Holy week creates such a great opportunity to beat up on ourselves. Maybe I've been doing it this week here. "We're rotten, stinking, excuses of animated carbon and look what we did to the Lord of All Creation."
Well, I suppose there is that.
But that's not exactly what I'm after in these posts.
If you have not begun to think of sin as something larger than your personal transgressions . . . well, consider this a Holy Week invitation to start.
We are born into sin. This means more than we are born into a sinful state, a congenital disorder that keeps us from doing good (although there is that). We are born into systems that coddle us in that disorder, that even rewards our inability to do good.
For a personal, easy target, there's no way that I can deny that I've been the recipient of some good things due to white privilege. At the very least, I've never had the experiences I've seen some black friends and coworkers endure (like the time a woman told a black cashier she'd prefer to wait for the next [white] cashier). Or male privilege. There are all sorts of ways I move in the world because I'm not female. For example, no one has ever felt the need to escort me to the church parking lot after a night meeting, although we do it for women all the time. I have a freedom of movement in our society simply because of the chromosomes in my cells.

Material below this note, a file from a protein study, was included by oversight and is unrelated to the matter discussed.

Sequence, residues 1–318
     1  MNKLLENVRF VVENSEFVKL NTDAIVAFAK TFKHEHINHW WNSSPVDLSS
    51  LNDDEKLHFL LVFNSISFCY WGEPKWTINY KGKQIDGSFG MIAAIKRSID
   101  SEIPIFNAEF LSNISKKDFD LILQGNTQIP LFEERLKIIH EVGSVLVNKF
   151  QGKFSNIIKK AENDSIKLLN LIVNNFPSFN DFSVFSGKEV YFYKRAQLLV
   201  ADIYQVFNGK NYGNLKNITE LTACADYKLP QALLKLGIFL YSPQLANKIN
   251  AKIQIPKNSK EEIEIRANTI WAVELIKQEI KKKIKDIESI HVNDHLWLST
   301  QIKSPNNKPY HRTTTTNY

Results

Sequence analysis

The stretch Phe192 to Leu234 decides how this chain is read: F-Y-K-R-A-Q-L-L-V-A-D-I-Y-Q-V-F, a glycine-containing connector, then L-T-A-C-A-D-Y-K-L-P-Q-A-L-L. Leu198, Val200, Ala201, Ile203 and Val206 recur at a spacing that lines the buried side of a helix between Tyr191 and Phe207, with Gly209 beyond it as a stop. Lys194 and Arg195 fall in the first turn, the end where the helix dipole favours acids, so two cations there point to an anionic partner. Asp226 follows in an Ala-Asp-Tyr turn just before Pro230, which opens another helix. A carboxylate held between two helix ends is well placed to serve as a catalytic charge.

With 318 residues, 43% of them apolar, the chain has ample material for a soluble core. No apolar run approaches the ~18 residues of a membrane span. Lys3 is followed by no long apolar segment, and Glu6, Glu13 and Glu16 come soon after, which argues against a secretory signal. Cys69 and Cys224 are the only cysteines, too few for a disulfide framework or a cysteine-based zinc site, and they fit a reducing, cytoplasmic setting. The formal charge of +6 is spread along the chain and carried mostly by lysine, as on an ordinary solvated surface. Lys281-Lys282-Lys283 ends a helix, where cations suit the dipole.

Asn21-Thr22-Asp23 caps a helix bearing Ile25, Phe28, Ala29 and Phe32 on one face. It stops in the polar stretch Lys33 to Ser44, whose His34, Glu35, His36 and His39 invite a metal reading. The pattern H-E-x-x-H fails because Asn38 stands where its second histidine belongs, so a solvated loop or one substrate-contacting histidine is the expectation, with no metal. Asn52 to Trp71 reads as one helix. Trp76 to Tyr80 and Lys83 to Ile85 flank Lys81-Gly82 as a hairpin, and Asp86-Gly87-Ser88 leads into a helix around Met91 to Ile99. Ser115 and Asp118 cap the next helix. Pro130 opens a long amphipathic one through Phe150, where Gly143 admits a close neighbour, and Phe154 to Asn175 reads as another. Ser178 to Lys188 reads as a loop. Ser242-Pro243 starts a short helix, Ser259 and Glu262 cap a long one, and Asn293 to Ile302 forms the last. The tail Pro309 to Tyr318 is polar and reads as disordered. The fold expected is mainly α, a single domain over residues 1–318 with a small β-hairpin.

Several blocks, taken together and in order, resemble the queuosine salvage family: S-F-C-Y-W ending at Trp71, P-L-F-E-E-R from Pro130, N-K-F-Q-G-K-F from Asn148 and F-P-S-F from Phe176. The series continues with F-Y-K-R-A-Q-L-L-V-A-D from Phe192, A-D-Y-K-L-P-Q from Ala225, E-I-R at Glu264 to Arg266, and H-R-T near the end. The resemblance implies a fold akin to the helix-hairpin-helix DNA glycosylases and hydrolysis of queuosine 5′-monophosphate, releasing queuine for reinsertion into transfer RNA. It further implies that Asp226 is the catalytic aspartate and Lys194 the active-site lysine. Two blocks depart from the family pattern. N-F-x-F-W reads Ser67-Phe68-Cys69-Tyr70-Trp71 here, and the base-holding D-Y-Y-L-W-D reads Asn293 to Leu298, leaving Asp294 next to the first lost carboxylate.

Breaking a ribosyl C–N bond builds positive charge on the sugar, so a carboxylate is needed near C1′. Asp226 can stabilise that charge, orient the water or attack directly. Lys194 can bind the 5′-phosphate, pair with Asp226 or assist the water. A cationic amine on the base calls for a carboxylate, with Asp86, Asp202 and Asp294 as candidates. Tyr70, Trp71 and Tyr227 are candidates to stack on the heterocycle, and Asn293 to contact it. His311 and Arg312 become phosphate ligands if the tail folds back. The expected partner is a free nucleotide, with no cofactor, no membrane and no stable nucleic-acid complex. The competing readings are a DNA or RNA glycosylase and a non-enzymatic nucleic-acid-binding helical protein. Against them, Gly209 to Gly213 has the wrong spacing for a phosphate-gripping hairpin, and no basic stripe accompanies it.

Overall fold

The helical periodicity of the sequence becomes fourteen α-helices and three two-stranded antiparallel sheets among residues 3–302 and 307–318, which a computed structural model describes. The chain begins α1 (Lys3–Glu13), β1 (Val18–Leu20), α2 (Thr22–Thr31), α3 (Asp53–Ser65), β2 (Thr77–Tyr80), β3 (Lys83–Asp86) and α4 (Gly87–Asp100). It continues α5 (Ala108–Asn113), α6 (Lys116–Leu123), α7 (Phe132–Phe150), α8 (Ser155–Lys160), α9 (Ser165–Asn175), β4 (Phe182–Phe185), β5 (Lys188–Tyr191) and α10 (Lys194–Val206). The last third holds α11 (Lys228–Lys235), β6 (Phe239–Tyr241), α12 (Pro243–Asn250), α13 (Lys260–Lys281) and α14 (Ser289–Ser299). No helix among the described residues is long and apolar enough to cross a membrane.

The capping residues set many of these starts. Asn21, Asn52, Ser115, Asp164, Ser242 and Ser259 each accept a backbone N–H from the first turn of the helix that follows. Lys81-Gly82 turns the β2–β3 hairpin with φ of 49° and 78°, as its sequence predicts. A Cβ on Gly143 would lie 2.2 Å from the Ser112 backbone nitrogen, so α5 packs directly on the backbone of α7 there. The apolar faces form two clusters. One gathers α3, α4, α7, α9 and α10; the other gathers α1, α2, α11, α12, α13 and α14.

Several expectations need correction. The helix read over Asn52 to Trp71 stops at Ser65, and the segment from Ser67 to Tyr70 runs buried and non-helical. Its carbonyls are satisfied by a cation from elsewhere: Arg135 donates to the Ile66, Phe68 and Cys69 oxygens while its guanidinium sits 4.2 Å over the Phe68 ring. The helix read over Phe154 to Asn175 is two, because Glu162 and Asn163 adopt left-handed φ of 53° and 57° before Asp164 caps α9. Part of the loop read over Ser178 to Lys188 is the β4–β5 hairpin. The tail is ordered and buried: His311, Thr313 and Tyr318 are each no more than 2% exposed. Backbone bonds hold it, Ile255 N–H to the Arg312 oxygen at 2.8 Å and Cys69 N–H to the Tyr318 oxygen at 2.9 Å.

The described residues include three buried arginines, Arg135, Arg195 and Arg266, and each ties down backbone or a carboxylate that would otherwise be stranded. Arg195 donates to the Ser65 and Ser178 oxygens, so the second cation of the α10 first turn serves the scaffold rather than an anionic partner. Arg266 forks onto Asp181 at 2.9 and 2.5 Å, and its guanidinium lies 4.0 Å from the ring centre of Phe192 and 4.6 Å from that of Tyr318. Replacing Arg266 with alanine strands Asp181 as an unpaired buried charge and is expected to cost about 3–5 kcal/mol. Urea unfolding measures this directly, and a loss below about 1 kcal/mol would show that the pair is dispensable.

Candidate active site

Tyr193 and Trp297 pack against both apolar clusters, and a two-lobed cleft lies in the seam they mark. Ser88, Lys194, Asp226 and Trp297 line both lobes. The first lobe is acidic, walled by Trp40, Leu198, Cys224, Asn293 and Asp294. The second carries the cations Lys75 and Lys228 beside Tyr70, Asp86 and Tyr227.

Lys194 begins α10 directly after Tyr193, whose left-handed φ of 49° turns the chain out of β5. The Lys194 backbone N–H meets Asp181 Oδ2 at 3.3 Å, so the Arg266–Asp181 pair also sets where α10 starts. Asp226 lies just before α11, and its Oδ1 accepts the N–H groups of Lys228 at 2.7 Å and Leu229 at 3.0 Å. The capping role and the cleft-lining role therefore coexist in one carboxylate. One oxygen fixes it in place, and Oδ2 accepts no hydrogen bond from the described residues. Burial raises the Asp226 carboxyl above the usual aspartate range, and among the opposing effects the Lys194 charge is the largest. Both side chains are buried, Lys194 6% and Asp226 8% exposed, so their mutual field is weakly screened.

These, among other things, are simply sinful systems and I'm rewarded repeatedly for being born into on the fortunate side of a dividing line. (Of course, there are other lines where I fell on the unfortunate side, but that's not the point today.)
I can work with the system or against it. That's really what a lot of our choices come down to, when we're conscious of it. Unfortunately, I'm not nearly conscious enough all the time---my privileges are simply the way my world works (and where I lack privilege---same thing, only I tend to be more grumpy about it).
Power is its own system and I'm despair of it ever having a sinless component. Power demands the system stay in place, stay in power, be self-regenerating.
And when someone bucks the system, it usually does not go well for them. The 20th Century alone gave us several such system-bucking martyrs. The ones that come to mind just this moment are Oscar Romero, Martin Luther King, Jr, and Mohandas Gandhi. They woke up enough to realize that they were part of a system and they had the courage to say they wanted out of it. No, more than that, they said the system had to change.
I think that's where Jesus ended up. He lacked the good sense to make allies. He made enemies of the Romans, he made enemies of his own people, who were oppressed by the Romans. What alliances he made were with people who couldn't stand up to either power.
So he was knocked down. Or nailed up, if you prefer.
Yes, Jesus died for our sins, especially if you read "for" as "because of." Jesus died as a scapegoat to a powerful world that didn't do well with dissent. Jesus died because too many of us are unwilling to die with him, to buck the system with him.
We can ponder our individual sins---this is good to do---but even more this Holy Week, I invite you to ponder the power systems in which you participate, in which you benefit, the sinful networks that actually reward you for not bucking the system.
This is not to beat ourselves up over our failures---this is to find where we can change the world.